In July, Kevyn Orr, state-appointed emergency manager, right, with Michigan Gov. Rick Snyder, asked for bankruptcy protection. Unions, creditors, and retirees were expected to file formal objections to Detroit’s eligibility before today’s deadline.
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DETROIT — Deadline day arrived today for creditors to oppose Detroit’s request for bankruptcy protection, the largest municipal filing in U.S. history and one aimed at digging the beleaguered city out of billions of dollars in debt.
Judge Steven Rhodes set today as the eligibility objection deadline in the bankruptcy petition by Detroit emergency manager Kevyn Orr.
Creditors — including bond holders, insurers, banks, employee pension funds, individuals and companies that provided services — have until just before midnight to file objections electronically.
A group of about 30 city residents arrived outside the court building early today to file individual objections to the bankruptcy request.
“Hopefully, we’ll have the opportunity to argue why Detroit should not be allowed to go into bankruptcy,” said the Rev. Charles Williams II, Michigan chapter president of the National Action Network, a grassroots organization that opposes the state’s emergency law.
Williams told reporters outside federal court before the group went inside to file objections that the forms arrived last week to the homes of some of the group’s members. About 40 objections had been filed by early afternoon.
The group is being advised by a former corporation counsel for the city.
“The emergency manager made no reference to this,” Williams said of the forms being mailed to city residents. “Two or three business days to file a legal objection is not fair to the people of Detroit.”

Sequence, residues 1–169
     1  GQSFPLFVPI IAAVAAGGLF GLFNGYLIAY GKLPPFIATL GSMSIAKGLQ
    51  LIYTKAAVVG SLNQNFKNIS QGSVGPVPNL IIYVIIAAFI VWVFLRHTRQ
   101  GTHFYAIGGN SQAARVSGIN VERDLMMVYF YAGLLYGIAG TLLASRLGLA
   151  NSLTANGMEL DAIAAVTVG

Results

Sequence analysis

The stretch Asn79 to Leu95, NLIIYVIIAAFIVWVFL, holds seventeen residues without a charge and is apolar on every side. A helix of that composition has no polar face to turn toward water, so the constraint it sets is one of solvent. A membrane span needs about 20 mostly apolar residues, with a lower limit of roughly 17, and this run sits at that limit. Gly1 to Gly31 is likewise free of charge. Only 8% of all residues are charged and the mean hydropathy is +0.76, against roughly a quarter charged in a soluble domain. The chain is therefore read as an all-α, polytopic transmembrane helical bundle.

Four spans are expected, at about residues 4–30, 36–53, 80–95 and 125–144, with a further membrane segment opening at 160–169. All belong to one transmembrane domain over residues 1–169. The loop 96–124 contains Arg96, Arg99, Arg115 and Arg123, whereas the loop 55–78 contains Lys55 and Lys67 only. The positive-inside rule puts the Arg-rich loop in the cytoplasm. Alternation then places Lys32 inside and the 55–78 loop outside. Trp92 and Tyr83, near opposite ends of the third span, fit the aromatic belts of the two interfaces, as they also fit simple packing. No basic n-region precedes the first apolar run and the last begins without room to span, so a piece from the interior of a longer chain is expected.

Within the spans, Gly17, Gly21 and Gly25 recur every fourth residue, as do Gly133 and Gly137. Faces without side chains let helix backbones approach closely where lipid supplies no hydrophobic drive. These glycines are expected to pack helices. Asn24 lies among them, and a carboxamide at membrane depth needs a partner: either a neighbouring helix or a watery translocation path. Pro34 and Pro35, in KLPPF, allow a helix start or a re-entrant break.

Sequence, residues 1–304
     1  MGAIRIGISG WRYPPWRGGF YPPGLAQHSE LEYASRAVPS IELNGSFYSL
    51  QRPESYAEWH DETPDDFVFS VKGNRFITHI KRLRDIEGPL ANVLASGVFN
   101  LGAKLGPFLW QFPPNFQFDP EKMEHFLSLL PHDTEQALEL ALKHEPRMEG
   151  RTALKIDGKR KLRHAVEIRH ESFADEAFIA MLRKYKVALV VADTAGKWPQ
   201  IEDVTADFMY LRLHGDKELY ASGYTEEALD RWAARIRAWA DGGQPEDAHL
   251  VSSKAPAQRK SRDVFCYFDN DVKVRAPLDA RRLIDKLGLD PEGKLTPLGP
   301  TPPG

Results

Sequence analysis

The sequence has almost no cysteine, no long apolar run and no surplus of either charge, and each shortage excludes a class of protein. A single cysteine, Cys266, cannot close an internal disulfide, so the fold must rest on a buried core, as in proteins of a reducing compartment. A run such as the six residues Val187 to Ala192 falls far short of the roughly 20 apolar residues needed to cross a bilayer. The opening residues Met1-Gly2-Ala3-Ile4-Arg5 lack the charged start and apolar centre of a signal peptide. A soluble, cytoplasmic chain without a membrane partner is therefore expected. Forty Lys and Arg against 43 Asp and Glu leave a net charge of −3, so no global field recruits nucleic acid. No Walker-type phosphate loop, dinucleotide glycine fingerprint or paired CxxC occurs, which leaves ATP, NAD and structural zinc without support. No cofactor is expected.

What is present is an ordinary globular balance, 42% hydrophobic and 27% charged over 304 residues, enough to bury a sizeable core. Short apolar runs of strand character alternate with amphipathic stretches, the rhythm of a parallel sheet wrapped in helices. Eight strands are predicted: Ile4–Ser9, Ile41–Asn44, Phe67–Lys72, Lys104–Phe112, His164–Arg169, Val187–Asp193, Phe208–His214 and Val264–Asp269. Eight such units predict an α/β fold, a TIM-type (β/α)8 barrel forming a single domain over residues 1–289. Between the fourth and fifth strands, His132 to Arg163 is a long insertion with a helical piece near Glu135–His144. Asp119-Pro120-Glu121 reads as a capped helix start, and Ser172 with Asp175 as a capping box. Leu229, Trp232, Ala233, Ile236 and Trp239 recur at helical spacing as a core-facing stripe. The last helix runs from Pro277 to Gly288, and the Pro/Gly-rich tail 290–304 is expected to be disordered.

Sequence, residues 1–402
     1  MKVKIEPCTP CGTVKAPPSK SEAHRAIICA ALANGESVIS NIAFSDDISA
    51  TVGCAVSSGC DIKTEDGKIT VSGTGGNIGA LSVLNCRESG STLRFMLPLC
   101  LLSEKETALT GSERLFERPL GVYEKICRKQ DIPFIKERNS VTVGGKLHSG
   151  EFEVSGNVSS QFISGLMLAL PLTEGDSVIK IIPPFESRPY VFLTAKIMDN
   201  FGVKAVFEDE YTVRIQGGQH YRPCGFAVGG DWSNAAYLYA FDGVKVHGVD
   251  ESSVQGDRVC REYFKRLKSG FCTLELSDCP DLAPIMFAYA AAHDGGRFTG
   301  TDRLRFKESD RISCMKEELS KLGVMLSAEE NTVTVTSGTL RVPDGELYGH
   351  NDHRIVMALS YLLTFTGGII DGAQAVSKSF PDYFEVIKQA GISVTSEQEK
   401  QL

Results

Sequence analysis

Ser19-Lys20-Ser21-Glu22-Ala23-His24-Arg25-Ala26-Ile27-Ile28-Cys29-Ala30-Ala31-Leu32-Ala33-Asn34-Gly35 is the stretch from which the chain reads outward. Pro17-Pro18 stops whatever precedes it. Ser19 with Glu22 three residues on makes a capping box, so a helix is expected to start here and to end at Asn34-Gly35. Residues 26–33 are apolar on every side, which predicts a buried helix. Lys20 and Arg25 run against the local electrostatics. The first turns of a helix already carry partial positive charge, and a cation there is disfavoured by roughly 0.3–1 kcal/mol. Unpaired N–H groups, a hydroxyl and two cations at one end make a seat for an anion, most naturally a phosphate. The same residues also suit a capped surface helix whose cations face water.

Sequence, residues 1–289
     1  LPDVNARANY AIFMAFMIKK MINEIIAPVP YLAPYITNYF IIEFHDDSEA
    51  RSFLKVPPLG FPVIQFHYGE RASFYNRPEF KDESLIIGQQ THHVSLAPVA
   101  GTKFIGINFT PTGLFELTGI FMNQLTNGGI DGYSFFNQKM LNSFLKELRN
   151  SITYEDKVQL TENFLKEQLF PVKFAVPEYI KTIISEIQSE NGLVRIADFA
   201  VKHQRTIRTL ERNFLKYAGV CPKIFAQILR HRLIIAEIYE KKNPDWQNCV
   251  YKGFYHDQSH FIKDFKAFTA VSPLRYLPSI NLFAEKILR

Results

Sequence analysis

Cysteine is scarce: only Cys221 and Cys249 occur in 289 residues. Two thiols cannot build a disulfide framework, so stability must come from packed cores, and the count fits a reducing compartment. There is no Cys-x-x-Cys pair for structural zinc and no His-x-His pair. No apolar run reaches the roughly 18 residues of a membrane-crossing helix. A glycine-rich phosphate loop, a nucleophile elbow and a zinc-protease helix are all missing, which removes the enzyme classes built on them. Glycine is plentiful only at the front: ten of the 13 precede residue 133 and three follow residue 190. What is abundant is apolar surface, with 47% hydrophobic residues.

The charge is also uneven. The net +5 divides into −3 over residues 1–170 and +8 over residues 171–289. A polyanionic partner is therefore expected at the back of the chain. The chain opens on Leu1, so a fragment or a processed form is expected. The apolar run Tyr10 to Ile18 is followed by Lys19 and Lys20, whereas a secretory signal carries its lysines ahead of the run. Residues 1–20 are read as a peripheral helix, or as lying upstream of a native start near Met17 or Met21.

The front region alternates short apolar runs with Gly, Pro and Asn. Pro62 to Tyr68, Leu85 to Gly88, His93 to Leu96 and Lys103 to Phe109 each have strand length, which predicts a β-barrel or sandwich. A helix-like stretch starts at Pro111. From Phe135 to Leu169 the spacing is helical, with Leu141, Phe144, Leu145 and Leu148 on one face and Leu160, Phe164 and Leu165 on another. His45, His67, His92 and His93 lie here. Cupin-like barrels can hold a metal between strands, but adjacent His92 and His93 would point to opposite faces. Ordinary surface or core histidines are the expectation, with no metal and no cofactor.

The Associated Press left a message today with Orr’s office to determine if the forms the group said they received last week were authorized by Orr or are part of the process allowing creditors to file objections.
The deadline is just one of several steps that could lead to federal Judge Steven Rhodes allowing Detroit into bankruptcy protection while it restructures.
Orr filed for bankruptcy on July 18. He claims the city has at least $18 billion in liabilities, from underfunded pensions and health care costs to bonds that lack city revenue to be paid off.
Orr stopped payment on $2.5 billion in debt in June.
The city has until Sept. 6 to file its responses to any objections by creditors. A multi-day hearing on the eligibility question is scheduled to start Oct. 23.
Detroit residents, so far, have been left out of the bankruptcy process, said Randy Heard, a 52-year-old unemployed gas utility worker.
Heard, a National Action Network member, also expected to file paperwork today objecting to Orr’s bankruptcy petition.
“We don’t have a voice. They didn’t give us a chance to speak,” Heard said. “Our (elected) leaders said we don’t want a bankruptcy. Democracy has been shut down in Detroit.”
Another group also protested Orr’s bankruptcy filing. About 100 city retirees marched outside federal court. Some carried signs stating: “STOP DEBT SERVICE to BANKS that DESTROYED DETROIT.”
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